Secondary sex characteristic

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A peacock displays his long, colored tail, an example of secondary sex characteristics
The peacock tail in flight, demonstrating the handicap principle of secondary sex characteristics

Secondary sex characteristics are features that appear at sexual maturity in animals and during puberty in humans, especially the sexually dimorphic phenotypic traits that distinguish the two sexes of a species (male and female), but that, unlike the sex organs, are not directly part of the reproductive system. They are believed to be the product of sexual selection for traits which display fitness, giving an individual an advantage over its rivals in courtship and aggressive interactions.[citation needed] They are distinguished from the primary sex characteristics — the sex organs — which are directly necessary for sexual reproduction to occur.

Well-known secondary sex characteristics include manes of male lions and long feathers of male peacock, the tusks of male narwhals, enlarged proboscises in male elephant seals and proboscis monkeys, the bright facial and rump coloration of male mandrills, and horns in many goats and antelopes, and these are often produced by a positive feedback loop known as the Fisherian runaway produced by the secondary characteristic in one sex and the desire for that characteristic in the other sex. Male birds and fish of many species have brighter coloration or other external ornaments. Differences in size between sexes are also considered secondary sexual characteristics.

In humans, visible secondary sex characteristics include enlarged breasts of females and facial hair and adam's apple on males.

Evolutionary roots[edit]

See also: Mate choice
An antler on a red deer stag is a secondary sexual characteristic

Charles Darwin hypothesized that sexual selection, or competition within a species for mates, can explain observed differences between sexes in many species.[1] Biologists today distinguish between "male-to-male combat" and "mate choice", usually female choice of male mates. Sexual characteristics due to combat are such things as antlers, horns, and greater size. Characteristics due to mate choice, often referred to as ornaments, include brighter plumage, coloration, and other features that have no immediate purpose for survival or combat.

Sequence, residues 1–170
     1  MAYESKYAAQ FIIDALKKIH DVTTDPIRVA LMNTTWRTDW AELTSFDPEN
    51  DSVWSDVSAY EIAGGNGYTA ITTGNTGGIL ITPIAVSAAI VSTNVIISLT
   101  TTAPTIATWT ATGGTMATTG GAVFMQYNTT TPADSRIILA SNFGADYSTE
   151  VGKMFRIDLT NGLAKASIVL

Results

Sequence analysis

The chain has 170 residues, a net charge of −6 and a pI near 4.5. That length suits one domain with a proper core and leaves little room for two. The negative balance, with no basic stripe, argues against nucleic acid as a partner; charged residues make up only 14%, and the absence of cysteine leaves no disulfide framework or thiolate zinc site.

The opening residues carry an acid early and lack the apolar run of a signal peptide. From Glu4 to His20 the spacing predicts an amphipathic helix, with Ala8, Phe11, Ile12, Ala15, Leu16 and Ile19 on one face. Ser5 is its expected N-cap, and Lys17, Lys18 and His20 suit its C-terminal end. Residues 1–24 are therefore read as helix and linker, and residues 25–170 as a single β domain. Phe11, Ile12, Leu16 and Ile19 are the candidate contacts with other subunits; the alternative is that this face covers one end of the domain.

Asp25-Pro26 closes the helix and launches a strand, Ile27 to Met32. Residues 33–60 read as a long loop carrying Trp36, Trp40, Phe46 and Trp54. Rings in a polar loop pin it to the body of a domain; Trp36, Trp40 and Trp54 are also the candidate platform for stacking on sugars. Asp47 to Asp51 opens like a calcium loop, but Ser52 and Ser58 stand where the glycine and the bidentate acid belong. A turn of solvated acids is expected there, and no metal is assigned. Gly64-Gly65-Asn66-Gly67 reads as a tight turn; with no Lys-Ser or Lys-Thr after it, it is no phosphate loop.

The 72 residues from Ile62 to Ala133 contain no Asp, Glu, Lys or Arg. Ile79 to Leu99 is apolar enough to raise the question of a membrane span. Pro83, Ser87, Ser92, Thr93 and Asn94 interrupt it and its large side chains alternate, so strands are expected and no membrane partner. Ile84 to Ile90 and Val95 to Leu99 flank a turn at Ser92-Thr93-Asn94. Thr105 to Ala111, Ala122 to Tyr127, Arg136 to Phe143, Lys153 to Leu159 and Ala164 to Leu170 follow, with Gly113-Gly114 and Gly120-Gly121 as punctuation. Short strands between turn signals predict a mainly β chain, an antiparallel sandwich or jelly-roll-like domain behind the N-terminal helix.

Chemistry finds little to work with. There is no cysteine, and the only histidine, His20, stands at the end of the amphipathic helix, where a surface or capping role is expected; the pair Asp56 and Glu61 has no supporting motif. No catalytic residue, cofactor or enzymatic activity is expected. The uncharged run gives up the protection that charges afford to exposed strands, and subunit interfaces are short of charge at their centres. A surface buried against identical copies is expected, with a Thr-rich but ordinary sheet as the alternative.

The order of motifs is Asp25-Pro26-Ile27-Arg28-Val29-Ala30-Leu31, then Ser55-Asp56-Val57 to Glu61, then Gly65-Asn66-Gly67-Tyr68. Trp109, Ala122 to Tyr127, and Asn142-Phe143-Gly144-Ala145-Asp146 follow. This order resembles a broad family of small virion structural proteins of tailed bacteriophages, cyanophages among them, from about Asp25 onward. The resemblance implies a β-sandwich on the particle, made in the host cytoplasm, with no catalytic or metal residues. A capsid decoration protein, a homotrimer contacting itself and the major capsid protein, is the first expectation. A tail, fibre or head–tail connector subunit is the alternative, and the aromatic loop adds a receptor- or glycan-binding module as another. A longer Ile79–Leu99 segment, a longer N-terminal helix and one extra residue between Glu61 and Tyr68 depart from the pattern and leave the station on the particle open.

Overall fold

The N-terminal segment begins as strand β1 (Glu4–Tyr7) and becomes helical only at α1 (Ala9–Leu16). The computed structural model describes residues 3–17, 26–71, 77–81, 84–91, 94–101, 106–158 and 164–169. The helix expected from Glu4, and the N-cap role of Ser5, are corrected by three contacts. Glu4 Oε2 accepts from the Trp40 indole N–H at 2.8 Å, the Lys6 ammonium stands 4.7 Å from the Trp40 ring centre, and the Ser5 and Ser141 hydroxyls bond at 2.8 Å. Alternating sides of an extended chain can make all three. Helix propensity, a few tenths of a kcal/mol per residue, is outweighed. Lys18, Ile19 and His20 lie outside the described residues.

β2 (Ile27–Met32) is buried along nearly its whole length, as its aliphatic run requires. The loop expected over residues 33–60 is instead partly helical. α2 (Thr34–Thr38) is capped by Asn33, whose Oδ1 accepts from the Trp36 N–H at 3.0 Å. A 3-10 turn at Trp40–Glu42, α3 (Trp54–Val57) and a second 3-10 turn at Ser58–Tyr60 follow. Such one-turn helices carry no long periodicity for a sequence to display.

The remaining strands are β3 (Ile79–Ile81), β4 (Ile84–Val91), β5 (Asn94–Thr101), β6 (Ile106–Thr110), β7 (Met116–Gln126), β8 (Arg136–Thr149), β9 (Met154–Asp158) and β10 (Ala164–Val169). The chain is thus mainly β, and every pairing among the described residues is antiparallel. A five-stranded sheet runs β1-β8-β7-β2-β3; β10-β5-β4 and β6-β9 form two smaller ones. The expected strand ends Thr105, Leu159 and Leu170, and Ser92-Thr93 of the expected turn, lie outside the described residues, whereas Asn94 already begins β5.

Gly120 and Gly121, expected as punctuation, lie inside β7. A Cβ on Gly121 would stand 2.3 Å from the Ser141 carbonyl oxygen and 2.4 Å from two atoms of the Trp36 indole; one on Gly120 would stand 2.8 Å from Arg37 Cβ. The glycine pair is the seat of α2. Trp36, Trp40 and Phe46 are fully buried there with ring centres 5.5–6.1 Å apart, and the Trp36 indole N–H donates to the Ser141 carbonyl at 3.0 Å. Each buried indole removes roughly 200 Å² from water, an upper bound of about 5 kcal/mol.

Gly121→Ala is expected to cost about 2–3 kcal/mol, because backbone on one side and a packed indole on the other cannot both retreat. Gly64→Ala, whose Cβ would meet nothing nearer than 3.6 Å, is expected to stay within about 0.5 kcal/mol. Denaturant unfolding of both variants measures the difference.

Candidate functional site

Ronald Fisher, the English biologist developed a number of ideas concerning secondary characteristics in his 1930 book , including the Fisherian runaway, which postulates that the desire for a characteristic in females combined with that characteristic in males can create a positive feedback loop or runaway where the feature becomes hugely amplified. The 1975 handicap principle extends this idea, pointing out that a peacock's tail, for instance, displays fitness by being a useless impediment that it is very hard to fake. Another Fisher idea is the sexy son hypothesis, whereby females will desire to have sons that possess the characteristic that they find sexy in order to maximize the number of grandchildren they produce.[2] An alternative hypothesis is that some of the genes that enable males to develop impressive ornaments or fighting ability may be correlated with fitness markers such as disease resistance or a more efficient metabolism. This idea is known as the good genes hypothesis.